Usability Week 2005 San Francisco

Nielsen Norman Group This week, from June 20 till 25, the Nielsen Norman Group is holding a conference on usability in San Francisco. This is the last in a series of conferences which were held in New York, Stockholm and London.

The Usability Week 2005 Conference is:

Usability Week 2005 takes you beyond the typical conference experience, offering a three-day usability camp, a two-day intensive on interaction design, and several exceptional day-long tutorials that get both broad and deep on core usability topics. Attend as few or as many days as you like.

My lucky colleague, who somehow managed to be in San Francisco this week, is attending some topics. While we’re sweating it at the office. Being interested in web usability I just want to know what’s being covered. So strolling around the standard search tools it struck me that there are no reports, experiences, comments, etc. to be found. Google, nope. MSN, nothing. Yahoo, uhm. Technorati & Feedster, nada. What could this mean?

  1. Or usability experts don’t know how to blog
  2. Or NNg forces an NDA on every attendee
  3. Or there simply isn’t anything to report
  4. Or …

Dear Mr. Nielsen, please have a look at this aggregated coverage site of the XTech conference. Wouldn’t that be a good idea for your next conference?

The end of IE 5

IE LogoI’ve given up on IE 4 and Netscape 4 a while ago. Meaning I won’t do anything extra for them anymore. They’ll just have to take the page as-is, no unnecessary or fatal script errors though, but that’s where it ends. If it doesn’t work or looks horrible, too bad.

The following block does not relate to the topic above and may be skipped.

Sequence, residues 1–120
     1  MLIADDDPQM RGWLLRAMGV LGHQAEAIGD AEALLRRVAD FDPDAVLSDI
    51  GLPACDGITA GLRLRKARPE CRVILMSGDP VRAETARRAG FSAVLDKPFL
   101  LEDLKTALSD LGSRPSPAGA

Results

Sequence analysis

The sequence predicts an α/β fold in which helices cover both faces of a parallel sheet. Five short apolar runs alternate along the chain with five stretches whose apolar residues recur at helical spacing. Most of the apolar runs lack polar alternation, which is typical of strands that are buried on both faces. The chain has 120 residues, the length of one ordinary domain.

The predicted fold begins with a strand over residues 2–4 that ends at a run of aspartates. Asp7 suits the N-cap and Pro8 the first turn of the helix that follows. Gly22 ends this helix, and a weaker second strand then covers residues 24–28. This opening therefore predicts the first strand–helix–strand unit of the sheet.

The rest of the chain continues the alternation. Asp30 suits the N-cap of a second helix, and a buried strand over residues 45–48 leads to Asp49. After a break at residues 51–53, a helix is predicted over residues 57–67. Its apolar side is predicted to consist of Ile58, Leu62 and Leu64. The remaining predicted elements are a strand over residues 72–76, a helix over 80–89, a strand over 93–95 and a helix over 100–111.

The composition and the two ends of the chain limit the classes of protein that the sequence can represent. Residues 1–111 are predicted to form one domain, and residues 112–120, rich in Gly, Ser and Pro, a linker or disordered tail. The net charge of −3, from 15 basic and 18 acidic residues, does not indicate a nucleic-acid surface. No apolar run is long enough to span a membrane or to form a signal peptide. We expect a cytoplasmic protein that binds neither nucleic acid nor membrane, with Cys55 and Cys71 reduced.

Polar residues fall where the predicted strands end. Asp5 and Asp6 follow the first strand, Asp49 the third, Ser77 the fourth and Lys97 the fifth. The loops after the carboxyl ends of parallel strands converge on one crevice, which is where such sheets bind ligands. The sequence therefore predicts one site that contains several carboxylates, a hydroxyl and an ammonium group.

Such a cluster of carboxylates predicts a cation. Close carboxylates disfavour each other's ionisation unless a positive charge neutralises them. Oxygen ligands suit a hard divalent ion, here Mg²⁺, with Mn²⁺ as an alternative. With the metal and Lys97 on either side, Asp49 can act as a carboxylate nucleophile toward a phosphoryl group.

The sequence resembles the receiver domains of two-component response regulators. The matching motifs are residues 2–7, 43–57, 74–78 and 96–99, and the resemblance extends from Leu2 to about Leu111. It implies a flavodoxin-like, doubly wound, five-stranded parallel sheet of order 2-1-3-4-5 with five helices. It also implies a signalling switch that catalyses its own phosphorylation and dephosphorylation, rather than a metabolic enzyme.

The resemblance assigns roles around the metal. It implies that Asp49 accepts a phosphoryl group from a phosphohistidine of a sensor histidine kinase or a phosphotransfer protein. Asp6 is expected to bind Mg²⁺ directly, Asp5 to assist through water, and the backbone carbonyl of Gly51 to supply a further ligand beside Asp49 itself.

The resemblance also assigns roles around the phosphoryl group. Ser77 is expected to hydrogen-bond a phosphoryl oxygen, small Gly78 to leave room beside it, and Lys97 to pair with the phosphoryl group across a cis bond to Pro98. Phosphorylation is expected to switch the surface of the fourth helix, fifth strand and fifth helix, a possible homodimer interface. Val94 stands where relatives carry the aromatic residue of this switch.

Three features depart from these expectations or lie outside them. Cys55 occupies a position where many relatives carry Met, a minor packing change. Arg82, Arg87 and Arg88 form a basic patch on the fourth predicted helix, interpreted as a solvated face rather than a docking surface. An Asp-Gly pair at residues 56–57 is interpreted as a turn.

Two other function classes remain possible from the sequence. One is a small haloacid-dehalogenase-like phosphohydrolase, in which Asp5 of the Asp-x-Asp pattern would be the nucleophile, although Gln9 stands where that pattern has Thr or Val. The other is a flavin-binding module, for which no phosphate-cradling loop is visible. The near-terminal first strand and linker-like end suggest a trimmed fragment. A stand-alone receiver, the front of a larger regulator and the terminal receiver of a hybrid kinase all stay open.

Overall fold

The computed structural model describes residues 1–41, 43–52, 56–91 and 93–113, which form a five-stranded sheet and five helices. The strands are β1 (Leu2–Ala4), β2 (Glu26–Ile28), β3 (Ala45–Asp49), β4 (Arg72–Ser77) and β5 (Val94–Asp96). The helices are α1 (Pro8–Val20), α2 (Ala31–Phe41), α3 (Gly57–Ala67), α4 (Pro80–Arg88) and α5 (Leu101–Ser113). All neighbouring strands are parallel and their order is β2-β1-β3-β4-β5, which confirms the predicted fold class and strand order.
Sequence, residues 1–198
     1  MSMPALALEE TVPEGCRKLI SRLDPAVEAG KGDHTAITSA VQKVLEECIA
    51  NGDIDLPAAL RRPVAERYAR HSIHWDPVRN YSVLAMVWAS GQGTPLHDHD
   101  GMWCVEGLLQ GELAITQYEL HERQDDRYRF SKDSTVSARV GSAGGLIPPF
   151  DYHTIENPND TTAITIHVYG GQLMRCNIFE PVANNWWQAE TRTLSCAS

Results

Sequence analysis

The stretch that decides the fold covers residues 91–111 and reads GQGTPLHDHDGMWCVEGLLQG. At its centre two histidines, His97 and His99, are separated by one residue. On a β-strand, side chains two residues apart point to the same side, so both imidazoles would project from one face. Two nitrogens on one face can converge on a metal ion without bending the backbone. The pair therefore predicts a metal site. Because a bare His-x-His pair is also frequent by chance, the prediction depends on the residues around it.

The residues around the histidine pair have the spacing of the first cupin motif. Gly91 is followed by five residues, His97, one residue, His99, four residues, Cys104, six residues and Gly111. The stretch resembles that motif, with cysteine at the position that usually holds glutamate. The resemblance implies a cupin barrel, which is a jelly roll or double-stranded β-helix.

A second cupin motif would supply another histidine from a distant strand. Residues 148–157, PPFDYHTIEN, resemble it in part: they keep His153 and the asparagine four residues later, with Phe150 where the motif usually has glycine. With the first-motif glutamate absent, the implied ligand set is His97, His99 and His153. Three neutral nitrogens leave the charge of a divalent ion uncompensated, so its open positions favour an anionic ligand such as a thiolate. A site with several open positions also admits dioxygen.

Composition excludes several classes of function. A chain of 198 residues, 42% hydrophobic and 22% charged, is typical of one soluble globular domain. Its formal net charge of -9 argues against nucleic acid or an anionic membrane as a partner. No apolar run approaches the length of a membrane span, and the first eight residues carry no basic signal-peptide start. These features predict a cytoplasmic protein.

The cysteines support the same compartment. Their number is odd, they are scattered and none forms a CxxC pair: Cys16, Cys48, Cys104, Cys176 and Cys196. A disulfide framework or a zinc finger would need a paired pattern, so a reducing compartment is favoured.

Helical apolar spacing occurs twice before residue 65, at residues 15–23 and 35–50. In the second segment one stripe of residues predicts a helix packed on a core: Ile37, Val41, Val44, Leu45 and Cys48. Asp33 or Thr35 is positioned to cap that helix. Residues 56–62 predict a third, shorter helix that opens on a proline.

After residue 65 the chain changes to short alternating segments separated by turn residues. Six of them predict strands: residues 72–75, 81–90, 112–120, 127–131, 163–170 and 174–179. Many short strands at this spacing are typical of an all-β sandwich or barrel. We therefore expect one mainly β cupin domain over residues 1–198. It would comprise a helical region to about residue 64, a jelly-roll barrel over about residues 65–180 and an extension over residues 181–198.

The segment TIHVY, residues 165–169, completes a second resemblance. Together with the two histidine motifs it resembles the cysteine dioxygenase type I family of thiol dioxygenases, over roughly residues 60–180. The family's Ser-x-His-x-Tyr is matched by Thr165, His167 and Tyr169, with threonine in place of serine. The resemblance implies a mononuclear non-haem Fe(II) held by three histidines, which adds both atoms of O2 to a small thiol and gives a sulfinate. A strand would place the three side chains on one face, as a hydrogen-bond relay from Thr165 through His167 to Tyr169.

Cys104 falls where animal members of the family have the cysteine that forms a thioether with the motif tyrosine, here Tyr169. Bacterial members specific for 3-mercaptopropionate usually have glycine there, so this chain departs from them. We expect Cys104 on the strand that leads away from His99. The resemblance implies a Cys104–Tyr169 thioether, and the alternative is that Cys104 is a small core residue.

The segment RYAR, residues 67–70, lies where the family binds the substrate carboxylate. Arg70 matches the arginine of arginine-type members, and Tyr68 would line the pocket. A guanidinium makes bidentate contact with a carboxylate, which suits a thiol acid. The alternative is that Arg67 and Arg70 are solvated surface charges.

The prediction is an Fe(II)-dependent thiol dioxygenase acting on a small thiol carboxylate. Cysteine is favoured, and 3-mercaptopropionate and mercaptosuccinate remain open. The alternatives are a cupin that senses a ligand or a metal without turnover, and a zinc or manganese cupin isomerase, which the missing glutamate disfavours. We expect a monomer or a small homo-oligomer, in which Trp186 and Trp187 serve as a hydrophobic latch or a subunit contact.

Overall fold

So how about IE 5? Will I say goodbye to that one too? Well, as long as there is a substantial public I will support it. But a quick scan of some statistics is showing a decline. Take a look at the W3Schools stats, which states a 2.8% audience of IE 5 in June. Looking at my own stats, I have to look hard to find any record of IE 5. But this will differ from site to site, so I haven’t written it off yet. So give it another half year or so?

Microsoft itself has a helping hand in the decline by pushing IE 6 with it’s Windowsupdate service, pulling support for Windows 2000, pushing XP and Server 2003. There is even the upcoming IE 7. And more importantly it doesn’t support IE 5 no longer (or at least will do so very, very soon).

Gervase Markham has a nice post about the IE 5 decline. He even invites us, web developers, to drop support for it already. I wouldn’t go that far, yet. Although with so many alternatives available I wonder why anyone will want to keep hanging on to IE 5.

If you’re still using IE 5, please take a look at IE 6, Firefox or maybe Opera. Oh and for those on a Mac. There’s Safari, Firefox or Camino.